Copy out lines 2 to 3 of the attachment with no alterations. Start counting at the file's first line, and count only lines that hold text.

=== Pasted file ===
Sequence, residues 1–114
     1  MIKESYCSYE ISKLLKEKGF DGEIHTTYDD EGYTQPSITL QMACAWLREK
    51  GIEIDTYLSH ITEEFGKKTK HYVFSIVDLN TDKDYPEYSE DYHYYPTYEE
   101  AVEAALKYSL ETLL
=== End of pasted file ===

     1  MIKESYCSYE ISKLLKEKGF DGEIHTTYDD EGYTQPSITL QMACAWLREK
    51  GIEIDTYLSH ITEEFGKKTK HYVFSIVDLN TDKDYPEYSE DYHYYPTYEE